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I, for one, welcome our pumpkin beer overlords. There it is, I’ve said it. Much like Kent Brockman or perhaps later Ken Jennings, I have accepted my fate.
You would think the beer calendar was only 51 weeks because, each year, the outrage comes earlier and earlier. Yes, outrage. There is no release that draws more ire than the arrival of pumpkin beer in the middle of the summer. There is something about a 10% imperial amber ale with nutmeg, cinnamon, vanilla, and what is most likely frozen or canned puree from last fall that brings out the hot takes from everyone — and I mean everyone. Customers, sales reps, shop owners, cheesemongers, delivery drivers… I smile through it (you can’t always tell under this mask, but yes, there is a smile) and offer up some placation like, “Yes, it is earlier than last year,” or “You’re right, it does need to be about 30 degrees cooler before I want to drink this, too.” But occasionally I do need to assure people that pumpkin beer is not “the devil” or “only for girls.”
I think fall beers have definitely caught a very bad reputation and drawn a lot of ire from many — including at one point even myself — because, in part, they show up earlier and earlier each year, cutting into the summer. They also draw in many non-craft beer drinkers. (I’m not afraid to admit the early arrival of the 30 cases of Pumking bombers that I preordered in 2012 showing up in the middle of August was greeted with a string of expletives that I am not typically known for spewing.)
For years, I really thought I was taking some moral high ground by never putting pumpkin beer out on the sales floor until Sept. 1 — that seemed like an at least somewhat appropriate fall date. But the truth is, it didn’t matter when I put them out. They kept showing up earlier and earlier each year, and I would talk to a number of customers who were looking for them earlier. I would grab them a bottle or two from the back and tell them when it was “officially” coming out in hopes they would come back for more. But I know that wasn’t always going to be the case — I’m sure the next store they stopped in, if the pumpkin beers were out, would sell them as much as they wanted. I also know the year before, in the small edge of the suburbs town I was living in at the time, the one store that stocked Pumking marked their bottles up about 300% and was still able to sell out of their stock in about a week.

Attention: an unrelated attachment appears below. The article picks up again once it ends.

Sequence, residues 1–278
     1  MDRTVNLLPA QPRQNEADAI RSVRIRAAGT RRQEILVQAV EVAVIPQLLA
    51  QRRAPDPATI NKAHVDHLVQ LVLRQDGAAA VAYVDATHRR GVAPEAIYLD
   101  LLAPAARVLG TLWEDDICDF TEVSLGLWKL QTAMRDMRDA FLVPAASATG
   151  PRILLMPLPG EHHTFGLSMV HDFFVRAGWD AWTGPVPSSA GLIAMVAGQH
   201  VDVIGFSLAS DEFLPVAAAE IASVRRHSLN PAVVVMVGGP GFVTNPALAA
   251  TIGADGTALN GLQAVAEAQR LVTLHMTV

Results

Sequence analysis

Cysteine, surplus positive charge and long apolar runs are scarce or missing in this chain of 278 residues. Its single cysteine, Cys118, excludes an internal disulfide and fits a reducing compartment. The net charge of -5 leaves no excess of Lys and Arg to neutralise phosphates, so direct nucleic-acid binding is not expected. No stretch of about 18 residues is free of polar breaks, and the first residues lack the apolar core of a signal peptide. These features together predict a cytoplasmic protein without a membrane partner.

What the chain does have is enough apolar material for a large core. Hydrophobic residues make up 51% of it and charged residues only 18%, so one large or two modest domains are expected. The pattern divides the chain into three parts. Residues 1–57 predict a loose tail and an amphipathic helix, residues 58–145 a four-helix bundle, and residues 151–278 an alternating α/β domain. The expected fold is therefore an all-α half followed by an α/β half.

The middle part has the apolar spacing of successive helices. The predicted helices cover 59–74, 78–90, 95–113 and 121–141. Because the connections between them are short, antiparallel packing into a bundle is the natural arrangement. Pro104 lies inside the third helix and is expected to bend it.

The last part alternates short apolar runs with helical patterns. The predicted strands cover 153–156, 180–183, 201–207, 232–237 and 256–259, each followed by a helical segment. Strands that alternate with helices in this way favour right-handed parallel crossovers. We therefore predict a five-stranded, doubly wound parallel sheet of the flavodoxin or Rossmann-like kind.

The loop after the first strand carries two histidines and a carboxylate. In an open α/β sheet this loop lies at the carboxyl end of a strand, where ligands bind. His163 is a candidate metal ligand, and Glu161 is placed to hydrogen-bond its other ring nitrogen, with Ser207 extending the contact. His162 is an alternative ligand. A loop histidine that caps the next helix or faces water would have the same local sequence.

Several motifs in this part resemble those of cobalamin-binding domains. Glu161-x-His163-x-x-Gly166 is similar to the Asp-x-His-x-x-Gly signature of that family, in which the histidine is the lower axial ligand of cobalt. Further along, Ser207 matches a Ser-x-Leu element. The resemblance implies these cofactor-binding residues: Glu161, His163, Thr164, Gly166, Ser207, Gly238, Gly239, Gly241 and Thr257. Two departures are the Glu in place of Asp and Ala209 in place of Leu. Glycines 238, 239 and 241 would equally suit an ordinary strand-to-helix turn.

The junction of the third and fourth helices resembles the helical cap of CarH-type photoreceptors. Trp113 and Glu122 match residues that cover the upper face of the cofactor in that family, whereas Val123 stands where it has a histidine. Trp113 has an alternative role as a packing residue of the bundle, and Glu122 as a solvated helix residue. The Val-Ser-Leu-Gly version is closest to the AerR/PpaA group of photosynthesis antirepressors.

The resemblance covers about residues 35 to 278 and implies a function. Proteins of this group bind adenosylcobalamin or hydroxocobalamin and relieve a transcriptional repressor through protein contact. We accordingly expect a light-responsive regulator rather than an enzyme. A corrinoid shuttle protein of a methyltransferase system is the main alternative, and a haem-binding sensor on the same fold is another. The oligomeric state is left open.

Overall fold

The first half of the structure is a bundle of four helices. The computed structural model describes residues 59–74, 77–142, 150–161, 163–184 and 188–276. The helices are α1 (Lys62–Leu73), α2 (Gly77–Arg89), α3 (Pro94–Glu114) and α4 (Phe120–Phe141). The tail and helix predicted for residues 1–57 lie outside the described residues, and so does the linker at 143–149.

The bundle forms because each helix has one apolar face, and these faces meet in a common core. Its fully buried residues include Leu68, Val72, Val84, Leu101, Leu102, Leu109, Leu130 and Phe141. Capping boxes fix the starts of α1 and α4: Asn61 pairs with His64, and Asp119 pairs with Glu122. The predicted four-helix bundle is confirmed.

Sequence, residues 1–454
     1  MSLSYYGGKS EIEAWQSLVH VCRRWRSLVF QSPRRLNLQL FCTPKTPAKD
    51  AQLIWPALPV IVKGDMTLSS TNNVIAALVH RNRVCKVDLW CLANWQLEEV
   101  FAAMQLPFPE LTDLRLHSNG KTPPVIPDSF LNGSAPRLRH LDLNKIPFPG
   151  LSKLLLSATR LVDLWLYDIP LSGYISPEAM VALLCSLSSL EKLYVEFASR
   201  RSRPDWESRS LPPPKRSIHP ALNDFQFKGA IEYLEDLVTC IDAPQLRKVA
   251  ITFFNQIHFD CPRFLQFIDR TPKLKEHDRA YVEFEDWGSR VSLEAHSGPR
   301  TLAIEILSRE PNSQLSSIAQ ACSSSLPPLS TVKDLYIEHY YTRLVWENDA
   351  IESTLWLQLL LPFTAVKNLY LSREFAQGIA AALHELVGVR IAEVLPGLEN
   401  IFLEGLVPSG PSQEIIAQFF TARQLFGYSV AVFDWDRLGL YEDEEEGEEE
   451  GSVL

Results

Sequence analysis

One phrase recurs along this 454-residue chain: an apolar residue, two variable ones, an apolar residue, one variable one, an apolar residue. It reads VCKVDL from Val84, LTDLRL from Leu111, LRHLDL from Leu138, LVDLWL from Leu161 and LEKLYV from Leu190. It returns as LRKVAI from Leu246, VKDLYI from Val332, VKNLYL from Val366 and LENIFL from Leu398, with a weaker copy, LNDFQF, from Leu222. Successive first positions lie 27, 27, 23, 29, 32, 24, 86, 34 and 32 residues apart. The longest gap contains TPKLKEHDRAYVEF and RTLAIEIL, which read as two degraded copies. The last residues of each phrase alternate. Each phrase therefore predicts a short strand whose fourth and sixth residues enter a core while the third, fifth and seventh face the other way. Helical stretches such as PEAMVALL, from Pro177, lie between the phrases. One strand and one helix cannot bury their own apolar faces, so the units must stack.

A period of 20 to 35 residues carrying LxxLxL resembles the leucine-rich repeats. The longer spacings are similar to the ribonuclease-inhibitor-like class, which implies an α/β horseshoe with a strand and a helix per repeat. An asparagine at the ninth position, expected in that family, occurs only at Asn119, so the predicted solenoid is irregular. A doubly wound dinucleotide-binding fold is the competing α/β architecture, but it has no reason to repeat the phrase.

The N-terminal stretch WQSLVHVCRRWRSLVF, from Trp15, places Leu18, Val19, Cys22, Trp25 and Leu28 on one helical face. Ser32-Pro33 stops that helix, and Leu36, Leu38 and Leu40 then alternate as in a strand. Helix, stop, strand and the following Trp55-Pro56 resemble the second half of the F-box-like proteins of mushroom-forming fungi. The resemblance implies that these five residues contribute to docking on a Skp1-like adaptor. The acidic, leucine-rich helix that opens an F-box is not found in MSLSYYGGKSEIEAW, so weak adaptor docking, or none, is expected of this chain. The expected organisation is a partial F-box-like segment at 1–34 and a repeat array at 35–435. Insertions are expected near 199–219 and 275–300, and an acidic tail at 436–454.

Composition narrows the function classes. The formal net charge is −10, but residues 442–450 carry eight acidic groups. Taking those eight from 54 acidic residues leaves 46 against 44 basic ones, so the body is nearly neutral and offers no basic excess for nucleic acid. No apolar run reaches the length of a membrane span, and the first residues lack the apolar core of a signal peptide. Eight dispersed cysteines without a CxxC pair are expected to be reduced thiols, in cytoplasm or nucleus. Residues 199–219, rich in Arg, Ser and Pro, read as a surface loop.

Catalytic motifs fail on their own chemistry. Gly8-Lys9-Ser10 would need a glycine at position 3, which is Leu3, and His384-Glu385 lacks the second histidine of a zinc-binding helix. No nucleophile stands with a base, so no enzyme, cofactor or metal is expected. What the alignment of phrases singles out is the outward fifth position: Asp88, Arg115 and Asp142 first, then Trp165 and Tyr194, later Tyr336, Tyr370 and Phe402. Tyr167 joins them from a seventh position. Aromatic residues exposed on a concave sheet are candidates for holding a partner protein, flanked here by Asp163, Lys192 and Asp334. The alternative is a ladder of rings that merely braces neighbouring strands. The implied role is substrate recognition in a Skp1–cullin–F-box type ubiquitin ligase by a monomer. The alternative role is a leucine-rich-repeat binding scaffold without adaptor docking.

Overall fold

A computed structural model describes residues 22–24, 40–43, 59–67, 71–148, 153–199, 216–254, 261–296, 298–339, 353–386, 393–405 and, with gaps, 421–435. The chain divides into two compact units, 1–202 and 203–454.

Oktoberfest beers present their own unique problems in coming to market. Here is my obligated mention that Oktoberfest doesn’t always take place in October. But that doesn’t stop people from wanting to drink these beers well into November, though, and who can blame them? The amber-hued toastiness of a Marzen is welcome many, many times throughout the year. Say nothing of the golden, bready and more hop-present Festbier style, equally at home with pretzels and almonds as it is with pizza and football games.
I don’t know about you, but I would say 2020 was my personal lowest year of consumption of any pumpkin beer in well over a decade. It just did not seem right. I tried a few samples, and I knew that year’s batch was worth tasting, but personally I just didn’t feel compelled to reach for one at home — and I certainly wasn’t going out anywhere.
This year, though, is feeling a little bit different — and not just because I recently found a Schlafly pumpkin ale from 2011 when I was moving a few old bottles around at home. I was very interested to try out that 10-year difference. I did not hold particularly high hopes — and I can’t imagine that there are much of the spices left in that beer — but, at the same time, it seemed pretty fun to try it against a brand-new 2021 bottle.
I know my personal consumption of Oktoberfests is way up already, and it doesn’t appear to be letting up any time soon while we collectively work to finish off the small drop of Bingo Oktoberfest we got in two weeks ago, celebrate the arrival for my beloved Rothaus’s take on the Marzen and its first year in the U.S., and, of course, an all-time favorite local Port City arriving next week. I even bought a 1-liter can and mug pack of Paulaner Festbier despite having had a long self-imposed break from that particular beer. (Ask me sometime about my friend Adam who ended up with a palette of liter cans and needed help “disposing” of them.)
Drop a comment below with your favorite Oktoberfest and pumpkin beers, or let me know which ones you’re looking forward to trying this year.
Flickr pool photo by Alan Kotok
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